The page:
Body mass index (BMI) is not as important to cancer outcomes as previously thought, according to the ABCPP (After Breast Cancer Pooling Project), which analyzed the effects of BMI, comorbidities and physical activity on mortality. Previous studies showed that being overweight increases breast cancer recurrence, breast cancer–specific mortality and overall mortality.
The investigators used data from three patient cohorts (the Women’s Healthy Eating and Living Study, the Life After Cancer Epidemiology Study and the Nurses’ Health Study) that were harmonized for the ABCPP (N=9,513). Four statistical models were used, all of which controlled for various demographic, lifestyle and cancer-related factors. The first model analyzed the effect of BMI alone using the five body weight categories of the World Health Organization. The second looked at hypertension and diabetes or the combined diagnosis. The third examined the effects of four levels of physical activity. The final one modeled all of the variables together.
The first three models found various relationships. BMI was not associated with breast cancer–specific mortality but, predictably, was associated with all-cause mortality. Patients categorized as obese I or II had 23% and 37% increases in all-cause mortality risk; in contrast, being underweight was associated with a 240% increase in all-cause mortality. Physical activity was significantly associated with a 19% decrease in the risk for breast cancer mortality among women in the highest quartile of physical activity (MET [metabolic equivalent] h/wk >20.8), compared with the lowest quartile (MET h/wk <2.5). Physical activity had a significant effect on all-cause mortality, with the hazard ratio decreasing by 20% to 40% across quartiles (Q2, 0.80; Q4, 0.62). Having both hypertension and diabetes increased the risk for breast cancer mortality by 40%, and increased the risk for all-cause mortality 230%.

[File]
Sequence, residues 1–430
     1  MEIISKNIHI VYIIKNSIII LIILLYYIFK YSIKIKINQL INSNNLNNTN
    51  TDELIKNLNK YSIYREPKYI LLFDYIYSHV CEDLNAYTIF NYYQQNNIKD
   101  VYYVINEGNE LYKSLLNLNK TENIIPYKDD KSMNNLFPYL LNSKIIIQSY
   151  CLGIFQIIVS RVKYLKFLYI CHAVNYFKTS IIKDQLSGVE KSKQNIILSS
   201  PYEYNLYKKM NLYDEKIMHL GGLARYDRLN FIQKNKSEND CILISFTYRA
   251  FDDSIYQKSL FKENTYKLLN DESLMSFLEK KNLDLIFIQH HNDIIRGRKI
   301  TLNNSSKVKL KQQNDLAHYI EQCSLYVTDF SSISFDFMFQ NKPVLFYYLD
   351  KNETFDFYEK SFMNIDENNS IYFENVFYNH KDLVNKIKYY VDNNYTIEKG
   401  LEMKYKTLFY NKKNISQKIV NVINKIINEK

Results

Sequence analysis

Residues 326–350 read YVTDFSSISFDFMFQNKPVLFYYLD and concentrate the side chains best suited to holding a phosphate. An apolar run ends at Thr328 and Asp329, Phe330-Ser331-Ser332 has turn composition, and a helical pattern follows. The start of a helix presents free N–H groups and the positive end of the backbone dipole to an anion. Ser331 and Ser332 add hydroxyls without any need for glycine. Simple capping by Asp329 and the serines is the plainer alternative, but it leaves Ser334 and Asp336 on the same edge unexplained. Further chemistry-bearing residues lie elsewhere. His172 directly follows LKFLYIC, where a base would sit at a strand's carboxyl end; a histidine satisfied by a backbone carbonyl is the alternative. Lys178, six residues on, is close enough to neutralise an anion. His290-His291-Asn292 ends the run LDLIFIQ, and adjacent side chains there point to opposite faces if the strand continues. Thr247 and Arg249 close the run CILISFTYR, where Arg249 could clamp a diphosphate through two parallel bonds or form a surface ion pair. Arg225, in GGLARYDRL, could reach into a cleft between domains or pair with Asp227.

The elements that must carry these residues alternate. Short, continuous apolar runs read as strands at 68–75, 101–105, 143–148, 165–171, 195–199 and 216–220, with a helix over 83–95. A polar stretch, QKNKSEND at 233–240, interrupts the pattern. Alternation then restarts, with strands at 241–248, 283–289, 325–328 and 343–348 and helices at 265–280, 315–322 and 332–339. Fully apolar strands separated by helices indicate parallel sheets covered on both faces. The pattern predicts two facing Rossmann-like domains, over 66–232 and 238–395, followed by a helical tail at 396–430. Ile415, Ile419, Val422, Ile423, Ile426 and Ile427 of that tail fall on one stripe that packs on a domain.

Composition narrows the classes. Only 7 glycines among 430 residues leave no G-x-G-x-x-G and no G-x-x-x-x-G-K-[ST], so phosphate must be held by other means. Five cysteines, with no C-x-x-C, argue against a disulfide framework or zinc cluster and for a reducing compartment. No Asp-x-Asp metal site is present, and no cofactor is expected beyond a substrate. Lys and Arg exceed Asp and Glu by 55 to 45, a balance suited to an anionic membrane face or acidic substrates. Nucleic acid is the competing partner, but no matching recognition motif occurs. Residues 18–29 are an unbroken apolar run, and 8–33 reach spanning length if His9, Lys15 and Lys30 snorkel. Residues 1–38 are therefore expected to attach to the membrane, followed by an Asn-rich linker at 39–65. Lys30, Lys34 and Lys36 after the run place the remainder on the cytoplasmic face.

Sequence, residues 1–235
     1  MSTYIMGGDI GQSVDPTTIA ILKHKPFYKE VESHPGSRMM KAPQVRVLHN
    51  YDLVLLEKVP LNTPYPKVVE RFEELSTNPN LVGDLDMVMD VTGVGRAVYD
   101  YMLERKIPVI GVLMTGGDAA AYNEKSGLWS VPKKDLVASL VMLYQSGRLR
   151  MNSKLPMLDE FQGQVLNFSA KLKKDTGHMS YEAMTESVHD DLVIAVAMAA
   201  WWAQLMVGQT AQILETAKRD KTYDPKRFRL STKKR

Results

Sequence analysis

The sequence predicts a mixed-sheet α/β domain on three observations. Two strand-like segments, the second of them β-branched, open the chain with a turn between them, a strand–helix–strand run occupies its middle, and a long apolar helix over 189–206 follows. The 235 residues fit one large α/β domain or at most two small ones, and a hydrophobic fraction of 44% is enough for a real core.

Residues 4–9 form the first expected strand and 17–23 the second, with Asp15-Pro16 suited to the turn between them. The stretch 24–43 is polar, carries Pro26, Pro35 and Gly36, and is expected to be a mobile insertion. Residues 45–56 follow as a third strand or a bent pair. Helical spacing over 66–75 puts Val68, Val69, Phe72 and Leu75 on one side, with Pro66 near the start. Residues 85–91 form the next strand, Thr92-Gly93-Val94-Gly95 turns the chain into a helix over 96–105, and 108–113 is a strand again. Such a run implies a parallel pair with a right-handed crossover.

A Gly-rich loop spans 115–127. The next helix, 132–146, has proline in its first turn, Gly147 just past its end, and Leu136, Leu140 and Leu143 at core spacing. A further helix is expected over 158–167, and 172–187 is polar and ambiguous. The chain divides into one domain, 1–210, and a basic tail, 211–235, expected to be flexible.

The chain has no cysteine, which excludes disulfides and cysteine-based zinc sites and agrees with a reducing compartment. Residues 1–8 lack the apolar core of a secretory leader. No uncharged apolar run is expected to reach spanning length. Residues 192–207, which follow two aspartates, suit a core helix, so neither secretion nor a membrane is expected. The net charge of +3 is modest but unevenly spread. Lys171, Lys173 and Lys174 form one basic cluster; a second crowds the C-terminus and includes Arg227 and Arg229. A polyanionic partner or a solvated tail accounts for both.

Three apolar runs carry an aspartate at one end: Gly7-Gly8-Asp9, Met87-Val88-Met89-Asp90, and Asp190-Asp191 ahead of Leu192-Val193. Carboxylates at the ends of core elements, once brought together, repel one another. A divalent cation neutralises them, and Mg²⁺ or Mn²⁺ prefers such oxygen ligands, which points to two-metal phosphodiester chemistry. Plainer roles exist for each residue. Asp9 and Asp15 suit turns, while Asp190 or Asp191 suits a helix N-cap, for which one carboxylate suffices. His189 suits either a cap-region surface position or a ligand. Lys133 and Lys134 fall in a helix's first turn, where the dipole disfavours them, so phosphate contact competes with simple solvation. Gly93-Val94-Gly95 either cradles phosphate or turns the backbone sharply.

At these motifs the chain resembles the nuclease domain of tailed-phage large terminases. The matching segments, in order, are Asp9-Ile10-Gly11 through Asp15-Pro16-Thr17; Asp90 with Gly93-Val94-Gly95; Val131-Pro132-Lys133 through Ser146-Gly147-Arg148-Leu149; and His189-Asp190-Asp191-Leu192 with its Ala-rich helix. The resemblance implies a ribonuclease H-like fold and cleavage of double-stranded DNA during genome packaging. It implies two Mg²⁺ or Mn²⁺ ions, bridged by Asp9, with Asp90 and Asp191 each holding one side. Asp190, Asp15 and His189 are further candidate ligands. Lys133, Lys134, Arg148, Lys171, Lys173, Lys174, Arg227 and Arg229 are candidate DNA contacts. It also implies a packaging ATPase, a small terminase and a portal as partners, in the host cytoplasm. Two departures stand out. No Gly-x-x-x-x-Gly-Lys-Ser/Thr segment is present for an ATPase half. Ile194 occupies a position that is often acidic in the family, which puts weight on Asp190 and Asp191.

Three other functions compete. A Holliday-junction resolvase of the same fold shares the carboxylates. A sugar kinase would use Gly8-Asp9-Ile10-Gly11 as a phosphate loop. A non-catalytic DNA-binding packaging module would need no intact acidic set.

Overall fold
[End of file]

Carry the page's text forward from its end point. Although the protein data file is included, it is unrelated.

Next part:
In the model that examined all factors together, the association previously seen between obesity and all-cause mortality was attenuated. “It was the comorbidities and the physical activity that had a remaining association with all-cause mortality,” said Sandahl Nelson, MS, a doctoral student researcher at the Moores Cancer Center, University of California, San Diego, who presented the study. “Our findings suggest that after active treatment, it is physical activity and comorbidities that are possibly driving the association we see with BMI in these after-treatment obesity studies.” She said the standard of care for breast cancer survivors should include physical activity interventions and treatment for comorbidities, with less focus on weight.
“This study shows we really need to look at the mechanisms of everything that may be contributing to survival,” commented Norah Lynn Henry, MD, an associate professor at the University of Michigan Comprehensive Cancer Center, in Ann Arbor. “That also includes trying to look at the effects of disparities and how that affects the various mechanisms.”